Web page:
Ruta, any final thoughts about how you counsel women with BRCA or other pathogenic mutations with respect to how their family members should potentially be counseled or screened? This will be the last thought as we finish up this case.

Ruta Rao, MD: That’s something really important that we have to discuss with the patient: what it means for their family members, their children, their siblings. We can’t forget that piece of it. That’s another place where our genetic counselor becomes a very important part of the team to help with that.

Elizabeth A. Mittendorf, MD, PhD: Yeah. I will say that with increased use of genetic testing, those genetic counselors are such a critical member of the team. I’m really pleased to hear that they sit in on your tumor boards. That’s valuable. I made a note to myself that we might want to think about that for our own discussions. All right. Any final thoughts on this case before we move on to our third scenario?

David G. Hicks, MD: Beth, if I could just make 1 final point. I know we’re talking about triple-negative breast cancer and the importance of doing genetic testing for family history and risk but also therapeutically. About 80% of BRCA1 carriers are triple-negative, but if you look at BRCA2, they tend to follow the traditional breast cancer subtypes that we see in the general population. Many of those patients are ER-positive. In terms of these drugs, we need to think beyond triple-negative so we don’t miss patients who potentially could benefit.

Elizabeth A. Mittendorf, MD, PhD: Excellent point.

Ruta Rao, MD: That’s a great point. That’s exactly why we should think about testing all our metastatic patients, whether they’re triple-negative or ER-positive. Exactly what you said, they could be a BRCA2-mutation carrier and still a candidate for some of these targeted therapies. Back to your earlier point, maybe even testing all our patients with breast cancer, especially if the use of PARP inhibitors expands to the early-stage adjuvant or neoadjuvant settings.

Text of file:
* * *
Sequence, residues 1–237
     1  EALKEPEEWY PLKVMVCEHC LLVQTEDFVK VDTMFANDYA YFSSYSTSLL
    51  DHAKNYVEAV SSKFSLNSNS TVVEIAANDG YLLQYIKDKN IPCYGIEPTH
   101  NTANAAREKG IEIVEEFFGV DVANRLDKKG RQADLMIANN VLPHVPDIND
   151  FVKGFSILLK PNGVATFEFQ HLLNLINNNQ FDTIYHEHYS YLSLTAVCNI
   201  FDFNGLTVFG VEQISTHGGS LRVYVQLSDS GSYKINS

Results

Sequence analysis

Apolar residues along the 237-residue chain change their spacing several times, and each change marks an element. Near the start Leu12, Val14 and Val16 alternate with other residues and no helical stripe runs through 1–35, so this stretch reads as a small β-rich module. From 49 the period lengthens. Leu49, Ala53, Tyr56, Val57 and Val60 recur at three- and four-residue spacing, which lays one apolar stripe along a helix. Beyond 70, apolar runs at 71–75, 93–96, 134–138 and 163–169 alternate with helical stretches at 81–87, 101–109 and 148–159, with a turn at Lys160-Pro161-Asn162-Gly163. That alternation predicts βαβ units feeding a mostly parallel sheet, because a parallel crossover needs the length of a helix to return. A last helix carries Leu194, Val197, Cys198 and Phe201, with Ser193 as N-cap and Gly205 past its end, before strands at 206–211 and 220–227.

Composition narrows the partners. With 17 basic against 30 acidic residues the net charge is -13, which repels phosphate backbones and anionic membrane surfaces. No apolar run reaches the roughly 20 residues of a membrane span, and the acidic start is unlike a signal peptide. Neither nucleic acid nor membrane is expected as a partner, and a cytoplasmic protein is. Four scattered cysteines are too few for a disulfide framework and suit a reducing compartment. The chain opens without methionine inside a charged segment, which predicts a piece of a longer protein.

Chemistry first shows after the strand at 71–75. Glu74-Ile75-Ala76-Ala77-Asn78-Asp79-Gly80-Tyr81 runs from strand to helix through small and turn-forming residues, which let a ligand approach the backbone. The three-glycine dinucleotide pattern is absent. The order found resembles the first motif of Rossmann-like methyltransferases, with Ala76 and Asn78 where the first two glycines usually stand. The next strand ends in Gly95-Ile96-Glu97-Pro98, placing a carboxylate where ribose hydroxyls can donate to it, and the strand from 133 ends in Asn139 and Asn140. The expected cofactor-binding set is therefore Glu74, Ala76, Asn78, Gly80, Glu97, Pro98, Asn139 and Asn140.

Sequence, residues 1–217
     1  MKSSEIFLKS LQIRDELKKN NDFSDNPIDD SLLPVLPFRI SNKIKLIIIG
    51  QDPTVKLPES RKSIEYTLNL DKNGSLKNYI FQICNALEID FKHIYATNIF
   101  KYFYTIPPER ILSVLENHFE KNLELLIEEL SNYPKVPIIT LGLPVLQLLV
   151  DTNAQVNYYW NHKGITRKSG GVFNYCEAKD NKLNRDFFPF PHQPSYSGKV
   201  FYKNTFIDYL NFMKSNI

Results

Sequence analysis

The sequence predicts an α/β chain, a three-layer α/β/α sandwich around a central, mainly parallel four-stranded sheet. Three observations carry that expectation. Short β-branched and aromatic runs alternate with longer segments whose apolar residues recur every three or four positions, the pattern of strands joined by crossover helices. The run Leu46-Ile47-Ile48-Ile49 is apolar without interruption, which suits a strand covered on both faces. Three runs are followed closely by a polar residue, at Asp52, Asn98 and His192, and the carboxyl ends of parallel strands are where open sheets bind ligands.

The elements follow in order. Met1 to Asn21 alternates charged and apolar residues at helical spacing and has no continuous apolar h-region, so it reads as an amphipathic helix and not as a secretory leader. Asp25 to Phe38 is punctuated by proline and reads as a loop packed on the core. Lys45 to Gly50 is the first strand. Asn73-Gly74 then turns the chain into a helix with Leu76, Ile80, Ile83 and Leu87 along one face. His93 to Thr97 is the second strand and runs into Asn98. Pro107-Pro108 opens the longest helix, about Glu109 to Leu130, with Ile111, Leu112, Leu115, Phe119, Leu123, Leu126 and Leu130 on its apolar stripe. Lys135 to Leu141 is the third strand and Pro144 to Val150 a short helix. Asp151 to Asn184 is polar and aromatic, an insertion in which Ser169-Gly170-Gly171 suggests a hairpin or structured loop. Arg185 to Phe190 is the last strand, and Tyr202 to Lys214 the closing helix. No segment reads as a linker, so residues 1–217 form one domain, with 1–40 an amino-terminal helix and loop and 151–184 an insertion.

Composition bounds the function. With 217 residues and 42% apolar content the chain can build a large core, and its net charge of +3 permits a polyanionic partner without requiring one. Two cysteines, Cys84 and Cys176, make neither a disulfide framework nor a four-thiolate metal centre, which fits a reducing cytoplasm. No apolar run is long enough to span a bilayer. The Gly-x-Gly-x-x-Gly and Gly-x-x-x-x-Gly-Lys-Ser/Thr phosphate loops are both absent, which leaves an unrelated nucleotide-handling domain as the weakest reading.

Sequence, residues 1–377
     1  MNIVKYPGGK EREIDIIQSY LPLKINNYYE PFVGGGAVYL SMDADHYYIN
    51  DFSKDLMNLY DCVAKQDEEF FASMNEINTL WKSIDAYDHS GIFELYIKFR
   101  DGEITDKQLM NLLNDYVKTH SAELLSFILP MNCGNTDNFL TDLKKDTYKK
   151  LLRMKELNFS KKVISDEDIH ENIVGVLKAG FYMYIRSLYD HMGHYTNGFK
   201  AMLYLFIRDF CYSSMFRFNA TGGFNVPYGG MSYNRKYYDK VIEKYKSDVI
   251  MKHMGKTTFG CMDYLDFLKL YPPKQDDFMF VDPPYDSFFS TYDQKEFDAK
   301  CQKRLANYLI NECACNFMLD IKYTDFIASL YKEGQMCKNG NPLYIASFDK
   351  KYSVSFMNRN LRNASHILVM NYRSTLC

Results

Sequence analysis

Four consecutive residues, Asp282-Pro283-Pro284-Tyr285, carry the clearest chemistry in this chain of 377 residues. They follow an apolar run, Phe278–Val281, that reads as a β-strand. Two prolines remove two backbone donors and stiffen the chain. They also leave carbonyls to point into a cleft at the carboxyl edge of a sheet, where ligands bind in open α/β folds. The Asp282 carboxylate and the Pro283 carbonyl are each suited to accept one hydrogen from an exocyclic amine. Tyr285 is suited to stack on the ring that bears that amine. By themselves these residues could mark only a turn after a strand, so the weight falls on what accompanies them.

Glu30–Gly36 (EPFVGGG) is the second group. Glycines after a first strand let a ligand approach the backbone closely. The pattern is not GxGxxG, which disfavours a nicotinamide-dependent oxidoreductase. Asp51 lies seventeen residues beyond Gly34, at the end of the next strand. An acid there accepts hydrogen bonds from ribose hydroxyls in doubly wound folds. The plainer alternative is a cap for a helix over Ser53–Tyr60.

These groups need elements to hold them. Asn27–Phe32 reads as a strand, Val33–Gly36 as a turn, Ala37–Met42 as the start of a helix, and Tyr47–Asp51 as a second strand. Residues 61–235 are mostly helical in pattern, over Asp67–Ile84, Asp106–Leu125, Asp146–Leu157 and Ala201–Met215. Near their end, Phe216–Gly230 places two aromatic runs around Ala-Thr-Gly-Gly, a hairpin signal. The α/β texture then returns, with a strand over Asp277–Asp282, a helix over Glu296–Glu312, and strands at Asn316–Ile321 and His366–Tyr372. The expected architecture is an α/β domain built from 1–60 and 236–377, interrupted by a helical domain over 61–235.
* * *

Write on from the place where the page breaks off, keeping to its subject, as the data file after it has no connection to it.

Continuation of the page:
Elizabeth A. Mittendorf, MD, PhD: Yeah. If we’re testing all our newly diagnosed early-stage patients, it becomes a challenge for us, as surgeons, in that the technology or ability to identify mutations has surpassed our knowledge of what to do about those mutations. I feel quite comfortable counseling a BRCA1- or BRCA2-mutation carrier of what her risk of contralateral breast cancer will be, and therefore the potential benefit of prophylactic surgery. I don’t have that data to inform the conversation around CHEK2 gene or ATM gene. We’re getting it. There are more data to suggest the pathogenic nature of PALB2. More to follow.

I said we were going to move on, but now I realize that I have another question. Not necessarily from this case, but from this conversation. We alluded to it before the difference between having a germline mutation and a somatic mutation. Ruta, when in the line of a patient’s journey through treatment of metastatic breast cancer do you send the tumor for a somatic mutation to look for mutations that can inform treatment? A PIK3CA mutation may inform the opportunity to go on a clinical trial. Where does that fall into your treatment plan for these patients with metastatic breast cancer?

Ruta Rao, MD: It used to be something that we kept for later lines of therapy, but I found that we’re doing it earlier and earlier. In the estrogen receptor–positive patients, if we find the PIK3CA mutations, we know they’re a candidate for a targeted therapy. Similarly, in the triple-negative breast cancer arena, we’re always looking for a potential target. Sometimes we’re doing it earlier in these patients.

Transcript edited for clarity.